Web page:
Posted by Pablo Kjolseth on October 24, 2010
A nice 35mm print of Michael Powell’s Peeping Tom (1960) is making the theatrical rounds thanks to Rialto Pictures. (Its next three screening engagements are in Boulder, Chicago, and Charlottesville.) Peeping Tom has interesting similarities to Alfred Hitchcock’s Psycho. Both were released the same year and feature seemingly shy and timid protagonists with murderous issues. More importantly, both films show venerated directors working at the peak of their powers and delivering an artistic tour-de-force on that core subject that weds an audience to any film: voyeurism. There are also some very important differences. Psycho was shot in black-and-white with a budget of under one million dollars and reaped profits that skyrocketed to a worldwide gross beyond the $50 million mark. Peeping Tom had a similar production budget, but was shot in Powell’s preferred color-saturated medium of Technicolor and was a financial disaster. Even worse, it dealt Powell’s career a crippling blow. Both have now long been studied and revered as masterpieces, so what went wrong for Peeping Tom? [...MORE]
Posted by Pablo Kjolseth on August 29, 2010
A friend recently brought my attention to a Craigslist posting for some 16mm films that were being sold by a private collector in Denver who was offering a 16mm Kodak Pageant 2505 projector, take-up reels, plus a collection of vintage 16mm shorts. Titles listed included: Grand Hotel, Matinee, The Plumber, and Krazy Kat. It seemed like a screaming deal, so I instructed my assistant to make the purchase for the Film Studies Program and then anxiously awaited their delivery to screen some of these shorts as part of my backyard cinema series. I did, and I’m lucky my neighbors didn’t call the police. The Krazy Kat short was actually titled Krazy Kat House, and while it did hearken back to the silent-era, the only thing animated about this was the sexual libidos of the lesbians engaging in various graphic and explicit acts. Grand Hotel? This was no excerpt of the John Barrymore classic but rather the sexcapades of four people in a hotel room. Although it was hard to tell, due to the angles and the way it was shot, I’m pretty sure it did not involve Greta Garbo and Joan Crawford. These women, however, were certainly ready for their close-ups, but mainly in the gynecological sense. [...MORE]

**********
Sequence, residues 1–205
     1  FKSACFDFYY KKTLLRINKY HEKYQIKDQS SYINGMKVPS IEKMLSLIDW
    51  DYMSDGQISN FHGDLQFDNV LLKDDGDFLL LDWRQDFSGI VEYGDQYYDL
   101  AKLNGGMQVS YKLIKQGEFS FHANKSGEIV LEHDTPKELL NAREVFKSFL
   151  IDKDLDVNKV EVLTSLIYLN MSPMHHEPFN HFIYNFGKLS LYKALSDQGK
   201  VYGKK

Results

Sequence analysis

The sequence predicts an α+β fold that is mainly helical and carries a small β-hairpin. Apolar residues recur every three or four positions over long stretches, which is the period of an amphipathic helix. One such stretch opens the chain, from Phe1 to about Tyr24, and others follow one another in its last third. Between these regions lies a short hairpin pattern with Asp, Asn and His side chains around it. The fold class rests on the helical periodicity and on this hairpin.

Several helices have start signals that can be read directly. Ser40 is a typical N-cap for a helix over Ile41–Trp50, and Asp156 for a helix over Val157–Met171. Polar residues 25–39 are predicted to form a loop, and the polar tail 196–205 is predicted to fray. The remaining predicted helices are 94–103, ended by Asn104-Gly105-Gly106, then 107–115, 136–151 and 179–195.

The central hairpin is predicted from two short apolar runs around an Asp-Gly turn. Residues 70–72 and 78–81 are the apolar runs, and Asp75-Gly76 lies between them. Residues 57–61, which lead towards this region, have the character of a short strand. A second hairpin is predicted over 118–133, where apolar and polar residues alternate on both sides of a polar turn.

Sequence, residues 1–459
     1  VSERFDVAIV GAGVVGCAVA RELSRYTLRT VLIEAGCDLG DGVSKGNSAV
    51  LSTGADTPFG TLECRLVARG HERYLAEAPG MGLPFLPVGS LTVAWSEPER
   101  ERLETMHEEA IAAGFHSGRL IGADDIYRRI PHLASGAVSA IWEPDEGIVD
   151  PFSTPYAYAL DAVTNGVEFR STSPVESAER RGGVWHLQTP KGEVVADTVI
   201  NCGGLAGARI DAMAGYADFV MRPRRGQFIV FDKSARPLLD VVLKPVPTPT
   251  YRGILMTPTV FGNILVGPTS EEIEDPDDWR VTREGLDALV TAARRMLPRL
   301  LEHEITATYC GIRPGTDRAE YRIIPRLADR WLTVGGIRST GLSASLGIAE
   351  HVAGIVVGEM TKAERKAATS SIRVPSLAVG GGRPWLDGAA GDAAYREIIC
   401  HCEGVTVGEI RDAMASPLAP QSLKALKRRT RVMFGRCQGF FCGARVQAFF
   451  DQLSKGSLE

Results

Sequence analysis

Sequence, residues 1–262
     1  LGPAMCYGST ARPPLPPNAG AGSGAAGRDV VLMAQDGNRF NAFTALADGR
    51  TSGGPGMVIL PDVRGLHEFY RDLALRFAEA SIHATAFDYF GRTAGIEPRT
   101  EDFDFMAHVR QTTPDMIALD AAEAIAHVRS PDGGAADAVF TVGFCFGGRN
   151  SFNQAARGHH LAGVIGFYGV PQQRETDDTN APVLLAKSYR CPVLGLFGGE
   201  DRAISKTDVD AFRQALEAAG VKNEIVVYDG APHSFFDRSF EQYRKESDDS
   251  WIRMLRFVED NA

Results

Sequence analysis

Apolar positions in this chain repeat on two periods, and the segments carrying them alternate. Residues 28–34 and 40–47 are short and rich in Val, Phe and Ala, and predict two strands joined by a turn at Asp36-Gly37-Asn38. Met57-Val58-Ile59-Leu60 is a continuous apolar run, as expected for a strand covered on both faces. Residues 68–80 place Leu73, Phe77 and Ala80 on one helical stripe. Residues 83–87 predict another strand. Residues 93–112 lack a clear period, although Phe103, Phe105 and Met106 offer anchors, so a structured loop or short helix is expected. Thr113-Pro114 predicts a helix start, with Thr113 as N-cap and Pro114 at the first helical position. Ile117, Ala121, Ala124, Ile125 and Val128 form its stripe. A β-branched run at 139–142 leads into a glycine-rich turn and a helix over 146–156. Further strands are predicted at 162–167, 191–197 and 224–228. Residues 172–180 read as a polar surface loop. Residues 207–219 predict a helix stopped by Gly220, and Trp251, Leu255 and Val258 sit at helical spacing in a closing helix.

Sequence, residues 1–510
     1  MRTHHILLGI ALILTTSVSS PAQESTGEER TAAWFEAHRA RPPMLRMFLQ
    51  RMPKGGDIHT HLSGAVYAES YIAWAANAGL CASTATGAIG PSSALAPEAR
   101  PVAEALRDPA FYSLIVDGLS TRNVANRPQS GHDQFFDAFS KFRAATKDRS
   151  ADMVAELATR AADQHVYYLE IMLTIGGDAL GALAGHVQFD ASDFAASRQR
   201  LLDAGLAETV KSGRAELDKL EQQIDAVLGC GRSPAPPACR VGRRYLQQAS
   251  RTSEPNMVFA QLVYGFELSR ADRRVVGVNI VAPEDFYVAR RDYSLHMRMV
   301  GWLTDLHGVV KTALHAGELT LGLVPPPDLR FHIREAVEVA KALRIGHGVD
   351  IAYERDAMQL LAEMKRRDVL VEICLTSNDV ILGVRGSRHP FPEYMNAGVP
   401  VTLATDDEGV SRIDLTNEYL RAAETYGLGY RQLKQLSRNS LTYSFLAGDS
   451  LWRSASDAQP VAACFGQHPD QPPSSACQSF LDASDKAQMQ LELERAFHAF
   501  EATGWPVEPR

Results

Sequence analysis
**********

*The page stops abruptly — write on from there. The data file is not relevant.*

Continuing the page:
MovieMorlocks.com is the official blog for TCM. No topic is too obscure or niche to be excluded from our film discussions. And we welcome your comments on our blogs and bloggers.
See more: facebook.com/tcmtv
See more: twitter.com/tcm
3-D Action Films Actors Actors' Endorsements Actresses animal stars Animation Anime Anthology Films Art in Movies Autobiography Avant-Garde Aviation Awards B-movies Beer in Film Behind the Scenes Best of the Year lists Biography Biopics Blu-Ray Books on Film Boxing films British Cinema Canadian Cinema Character Actors Chicago Film History Cinematography Classic Films College Life on Film Comedy Comic Book Movies Crime Czech Film Dance on Film Digital Cinema Directors Disaster Films Documentary Drama DVD Early Talkies Editing Educational Films European Influence on American Cinema Experimental Exploitation Fairy Tales on Film Faith or Christian-based Films Family Films Film Composers Film Criticism film festivals Film History in Florida Film Noir Film Scholars Film titles Filmmaking Techniques Films of the 1980s Food in Film Foreign Film French Film Gangster films Genre Genre spoofs HD & Blu-Ray Holiday Movies Hollywood history Hollywood lifestyles Horror Horror Movies Icons independent film Italian Film Japanese Film Korean Film Literary Adaptations Martial Arts Melodramas Method Acting Mexican Cinema Moguls Monster Movies Movie Books Movie Costumes movie flops Movie locations Movie lovers Movie Reviewers Movie settings Movie Stars Movies about movies Music in Film Musicals Outdoor Cinema Paranoid Thrillers Parenting on film Pirate movies Polish film industry political thrillers Politics in Film Pornography Pre-Code Producers Race in American Film Remakes Revenge Road Movies Romance Romantic Comedies Satire Scandals Science Fiction Screenwriters Semi-documentaries Serials Short Films Silent Film silent films Social Problem Film Sports Sports on Film Stereotypes Straight-to-DVD Studio Politics Stunts and stuntmen Suspense thriller TCM Classic Film Festival TCM Underground Television The British in Hollywood The Germans in Hollywood The Hungarians in Hollywood The Irish in Hollywood Theaters Thriller Trains in movies Underground Cinema VOD War film Westerns Women in the Film Industry Women's Weepies